Slido for polling and capturing participant ideas/questions/etc.
If you’d like to see what a business partner and I started for people like me who want to PRESENT rather than PRODUCE, visit livestream-denver.com. This is a work in progress and not a sales pitch as we work almost exclusively with clients in the Denver area. —Mark Sanborn
I guarantee you will learn many new great ideas about conference panels from this Blab of my Thursday chat with the wonderful Kristin Arnold. I’ve annotated it so you can jump to the good bits . (But it’s pretty much all good bits, so you may find yourself watching the whole thing. Scroll down the whole list; there are many advice gems, excellent stories and parables, folks show up at our homes, Kristin sings, etc.!) With many thanks to Kristin and our viewers (especially Kiki L’Italien who contributed mightily) I now offer you the AMA About Conference Panels annotated time-line.
[Before I turned on recording] We talked about: what panels are and aren’t; the jobs of a moderator; panel design issues; some panel formats; and our favorite panel size (Kristin and I agree on 3).
[0:00] Types of moderator questions.
[1:30] Using sli.do to crowdsource audience questions.
[2:40] Panel moderator toolboxes. One of Kristin’s favorite tools: The Newlywed Game. “What word pops into your mind when you think of [panel topic]?”
[4:30] Audience interaction, bringing audience members up to have a conversation; The Empty Chair.
[6:00] Preparing panelists for the panel.
[9:10] Other kinds of panel formats: Hot Seat, controversial topics.
[12:00] Continuum/human spectrograms/body voting and how to incorporate into panels.
[13:50] Panelist selection.
[14:40] Asking panelists for three messages.
[16:30] How the quality of a moderator affects the entire panel.
[17:30] More on choosing panelists.
[18:30] How to provoke memorable moments during panels; Kristin gives two examples involving “bacon” and “flaw-some“.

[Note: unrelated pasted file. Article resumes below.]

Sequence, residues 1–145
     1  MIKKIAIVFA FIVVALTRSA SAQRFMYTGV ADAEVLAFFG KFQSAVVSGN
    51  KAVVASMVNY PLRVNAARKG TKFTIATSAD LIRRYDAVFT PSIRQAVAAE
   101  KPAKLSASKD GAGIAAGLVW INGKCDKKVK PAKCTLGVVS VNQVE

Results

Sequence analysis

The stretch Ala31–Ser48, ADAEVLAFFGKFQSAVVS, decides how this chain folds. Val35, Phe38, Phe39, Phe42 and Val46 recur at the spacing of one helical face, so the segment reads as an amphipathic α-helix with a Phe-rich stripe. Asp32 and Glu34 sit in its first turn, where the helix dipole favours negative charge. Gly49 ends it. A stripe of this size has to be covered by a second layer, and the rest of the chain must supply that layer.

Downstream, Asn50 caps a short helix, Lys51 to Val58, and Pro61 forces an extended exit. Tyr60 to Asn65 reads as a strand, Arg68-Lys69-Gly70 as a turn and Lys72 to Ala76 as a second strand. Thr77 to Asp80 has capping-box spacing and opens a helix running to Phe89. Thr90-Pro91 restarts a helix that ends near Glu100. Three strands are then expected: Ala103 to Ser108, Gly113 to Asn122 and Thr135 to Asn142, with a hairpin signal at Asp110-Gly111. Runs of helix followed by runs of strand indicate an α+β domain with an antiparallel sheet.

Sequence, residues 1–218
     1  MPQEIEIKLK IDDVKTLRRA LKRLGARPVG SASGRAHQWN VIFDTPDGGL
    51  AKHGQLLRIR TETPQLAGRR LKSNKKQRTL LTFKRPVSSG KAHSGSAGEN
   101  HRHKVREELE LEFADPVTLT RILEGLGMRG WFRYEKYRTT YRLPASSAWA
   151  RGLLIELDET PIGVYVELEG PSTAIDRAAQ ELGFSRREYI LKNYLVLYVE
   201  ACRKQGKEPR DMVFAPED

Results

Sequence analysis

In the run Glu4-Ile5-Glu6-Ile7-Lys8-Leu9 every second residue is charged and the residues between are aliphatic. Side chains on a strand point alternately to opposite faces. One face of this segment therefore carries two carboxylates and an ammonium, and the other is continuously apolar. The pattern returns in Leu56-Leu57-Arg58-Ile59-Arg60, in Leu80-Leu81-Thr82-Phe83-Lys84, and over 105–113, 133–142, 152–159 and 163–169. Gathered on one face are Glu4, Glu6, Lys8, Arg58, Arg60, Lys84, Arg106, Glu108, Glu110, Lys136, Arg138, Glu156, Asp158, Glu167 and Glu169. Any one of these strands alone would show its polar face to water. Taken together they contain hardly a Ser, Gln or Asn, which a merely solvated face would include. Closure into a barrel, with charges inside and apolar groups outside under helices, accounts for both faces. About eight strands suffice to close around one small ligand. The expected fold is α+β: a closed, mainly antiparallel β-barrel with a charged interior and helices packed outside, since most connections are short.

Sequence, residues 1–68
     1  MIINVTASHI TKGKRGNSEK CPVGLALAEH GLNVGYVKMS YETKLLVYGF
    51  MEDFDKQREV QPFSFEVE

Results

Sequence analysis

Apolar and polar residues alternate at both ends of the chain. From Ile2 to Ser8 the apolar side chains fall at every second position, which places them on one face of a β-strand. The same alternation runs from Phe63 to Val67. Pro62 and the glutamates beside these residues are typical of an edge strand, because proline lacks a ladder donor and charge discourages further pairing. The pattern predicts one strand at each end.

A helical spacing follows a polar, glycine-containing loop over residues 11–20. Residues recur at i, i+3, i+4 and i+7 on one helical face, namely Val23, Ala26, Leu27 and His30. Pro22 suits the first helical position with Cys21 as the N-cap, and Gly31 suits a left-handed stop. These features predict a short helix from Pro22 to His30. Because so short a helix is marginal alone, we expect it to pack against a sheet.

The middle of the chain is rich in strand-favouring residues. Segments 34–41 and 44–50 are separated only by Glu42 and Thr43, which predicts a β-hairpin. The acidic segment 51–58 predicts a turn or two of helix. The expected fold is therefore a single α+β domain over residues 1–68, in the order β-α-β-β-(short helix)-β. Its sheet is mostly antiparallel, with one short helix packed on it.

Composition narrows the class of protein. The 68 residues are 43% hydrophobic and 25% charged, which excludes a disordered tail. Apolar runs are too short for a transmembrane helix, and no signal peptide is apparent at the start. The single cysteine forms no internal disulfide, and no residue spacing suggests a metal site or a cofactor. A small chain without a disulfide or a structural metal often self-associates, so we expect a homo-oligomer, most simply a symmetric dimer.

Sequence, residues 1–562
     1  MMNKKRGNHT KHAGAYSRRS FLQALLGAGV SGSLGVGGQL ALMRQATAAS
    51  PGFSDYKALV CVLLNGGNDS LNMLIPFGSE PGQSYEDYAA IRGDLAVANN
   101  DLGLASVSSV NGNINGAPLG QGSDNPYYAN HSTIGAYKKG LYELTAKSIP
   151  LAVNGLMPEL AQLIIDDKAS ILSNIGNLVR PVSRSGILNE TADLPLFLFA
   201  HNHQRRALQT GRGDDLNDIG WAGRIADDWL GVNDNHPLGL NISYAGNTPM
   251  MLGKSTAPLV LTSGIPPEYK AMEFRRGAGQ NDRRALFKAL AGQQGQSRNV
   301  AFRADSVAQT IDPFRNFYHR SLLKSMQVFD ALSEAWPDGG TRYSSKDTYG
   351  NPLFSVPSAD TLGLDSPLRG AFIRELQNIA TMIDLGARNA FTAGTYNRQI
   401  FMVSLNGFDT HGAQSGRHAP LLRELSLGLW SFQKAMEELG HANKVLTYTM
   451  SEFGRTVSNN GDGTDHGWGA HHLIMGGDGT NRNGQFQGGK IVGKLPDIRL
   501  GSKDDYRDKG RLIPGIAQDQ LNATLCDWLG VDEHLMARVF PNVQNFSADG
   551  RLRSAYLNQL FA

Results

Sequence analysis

[20:30] Panelist homework. Memorable phrases: “The phrase that pays“; Sally Hogshead example.
[23:00] Panelists asking for help. Making them look good.
[24:10] Warming up the audience. The fishbowl sandwich: using pair-share as a fishbowl opener.
[25:30] Other ways to warm up an audience: pre-panel mingling, questions on the wall, striking room sets.
https://www.youtube.com/watch?v=27SZ8NhJUos Here’s a one hour video of a Hangout On Air that Jenise Fryatt & I held July 24, 2012 on How to moderate a Twitter Chat.
To decide whether this is a valuable use of your time I’ve listed below the topics and tips we covered from our summary notes.
Introduction – 5 minutes Jenise & me intros – poll of participants; brief answers; tweet if watching – Q1) who wants to start a new chat? moderate an existing chat; chat name? – Q2) what’s the most important thing you’d like to get out of this hangout?
Set up – 12 minutes Presence on the web – 2 minutes helpful to have permanent place for chat on web: wiki, WordPress site – include schedule, format, rules, chat archives (use Storify)
Chat formats – 3 minutes fixed or rotating moderators 1+ moderators on busy chats topic based guest(s) pre-announced questions moderator asks pre-determined questions to all to guests first, and then opens up discussion
Choosing a topic – 2 minutes something that can be usefully covered in an hour appealing “how to do something” “tips for doing something” controversial current topic
Tools – 3 minutes Tweetchat http://tweetchat.com/ TweetDeck/HootSuite columns chat hashtag; mentions; DMs columns use when you don’t want hashtag at end of tweet keep as a backup in case Tweetchat goes down/is slow (rare)
Preparation – 2 minutes gather up topic links in advance crowdsourced topics http://www.allourideas.org/epchat write out Qs in advance so you can paste them into your Twitter client
Running the chat – 23 minutes Protocol – 2 minutes welcome as many participants as you can encourage first-timers, lurkers to tweet
Welcome everyone – 4 minutes moderator intro (write out in advance include welcome, your name, who your with, topic for today and welcome guest if any) participant intros, including ice-breakers possibilities: names, company, location ice-breaker question: favorite candy, unusual experience etc.
Heart of the chat -12 minutes asking questions concentrate on making them clear (in advance?) make tweets stand-alone participants often RT questions number them Q1), Q2) and ask participants to answer w/ A1) A2) keep track of time; have a plan for time available to get through Qs you’ve prepared but be flexible if circumstances dictate don’t be rushed by anything; don’t feel bad if you miss a tweet or two, we are human; can always go back after the chat & respond then consider ignoring trollish/annoying behaviour
end of chat – 5 minutes ask for takeaways thank moderators, guests mention next topic/guest(s)/time describe where/when archive will be posted
Post-chat – 8 minutes use Storify for archives (login first, click on save regularly, laggy!) Jenise: can add rich media (videos) to Storify; create threads (subheads, move Tweets around)
Questions on how to moderate a Twitter chat? Ask them below!